It strongly felt that National Bank for Agriculture and Rural Development (NABARD) should be identified as an apex body for controlling and regulating the activities of Rural Regional Banks and to imbibe organizational competence among them. Pariyan, (1995), in his study has made an attempt to reveal the performance of RRBs in India in Genera and ShekhawatiGrameen Bank in particular.
The study indicated that the impact of the bank's loan operations on the transformation of rural economy is modest but significant. Another interesting empirical study was conducted by VardeVasha (1995) to analyze the overall performance including profitability of Rural Regional Banks. For this purpose, a sample of 40 Rural Regional Banks was picked-up.
This take a look at accompanied elaborate and complex technique of ascertaining distinct ratios for the purpose of studying the profitability of nearby rural banks. It indicated that the profitability overall performance of nearby rural banks showed increasing trend. This became specially due to the decline in manpower invoice and other operating charges.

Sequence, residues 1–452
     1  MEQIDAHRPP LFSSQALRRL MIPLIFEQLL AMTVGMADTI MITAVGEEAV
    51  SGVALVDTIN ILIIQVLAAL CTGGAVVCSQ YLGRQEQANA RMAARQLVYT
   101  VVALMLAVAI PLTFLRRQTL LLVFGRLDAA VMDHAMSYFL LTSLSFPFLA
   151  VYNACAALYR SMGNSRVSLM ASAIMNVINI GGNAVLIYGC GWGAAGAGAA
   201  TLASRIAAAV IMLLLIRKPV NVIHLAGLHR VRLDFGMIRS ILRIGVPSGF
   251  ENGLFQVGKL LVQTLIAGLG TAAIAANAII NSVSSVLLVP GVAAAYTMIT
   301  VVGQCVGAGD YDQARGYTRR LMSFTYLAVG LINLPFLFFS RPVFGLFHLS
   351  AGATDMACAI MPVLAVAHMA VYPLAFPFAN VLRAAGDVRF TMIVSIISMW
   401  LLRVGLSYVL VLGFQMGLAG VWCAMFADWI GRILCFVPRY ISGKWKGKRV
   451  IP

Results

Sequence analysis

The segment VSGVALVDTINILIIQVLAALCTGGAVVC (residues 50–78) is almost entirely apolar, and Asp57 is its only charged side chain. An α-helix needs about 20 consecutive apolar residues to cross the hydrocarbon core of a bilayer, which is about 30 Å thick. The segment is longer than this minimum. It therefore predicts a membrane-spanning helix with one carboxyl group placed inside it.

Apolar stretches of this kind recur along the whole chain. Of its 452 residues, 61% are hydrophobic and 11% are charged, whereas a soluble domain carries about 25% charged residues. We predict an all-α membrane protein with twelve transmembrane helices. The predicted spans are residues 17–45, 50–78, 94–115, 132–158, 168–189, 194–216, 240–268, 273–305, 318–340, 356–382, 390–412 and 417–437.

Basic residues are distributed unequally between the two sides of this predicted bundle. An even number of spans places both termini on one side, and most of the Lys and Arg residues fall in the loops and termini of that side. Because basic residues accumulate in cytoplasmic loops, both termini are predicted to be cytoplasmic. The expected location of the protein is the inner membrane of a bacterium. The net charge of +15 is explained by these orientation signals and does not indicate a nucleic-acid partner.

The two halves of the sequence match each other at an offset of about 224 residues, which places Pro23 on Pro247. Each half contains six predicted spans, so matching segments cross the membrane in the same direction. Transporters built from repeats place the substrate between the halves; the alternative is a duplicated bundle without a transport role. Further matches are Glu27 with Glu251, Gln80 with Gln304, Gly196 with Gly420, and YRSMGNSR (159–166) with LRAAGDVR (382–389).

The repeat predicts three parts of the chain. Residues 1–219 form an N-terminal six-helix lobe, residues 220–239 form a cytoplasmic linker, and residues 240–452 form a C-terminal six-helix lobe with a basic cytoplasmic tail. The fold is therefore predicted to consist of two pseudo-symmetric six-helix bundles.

The study also compared the manpower and operating ratio of Rural Regional Banks with those of commercial banks and concluded that it was lower with commercial banks. This was mainly because of higher volume of business handled per employee of commercial bank as compared to its counterpart in Rural Regional Banks. This study felt that this position could be reversed in future, if Rural Regional Banks enlarged the amount of business.
The study came out with a constructive suggestion that local people should be allowed to participate in equity and no-target group (rich farmers) be lured for the purpose of mobilizing additional funds. Kaushik, (1996), in his study examined the role of RRBs in the poverty alleviation in Haryana by the functioning of two RRBs namely Haryana KshetriyaGrameena Bank and Bhiwanin and GurgonGrameena Bank.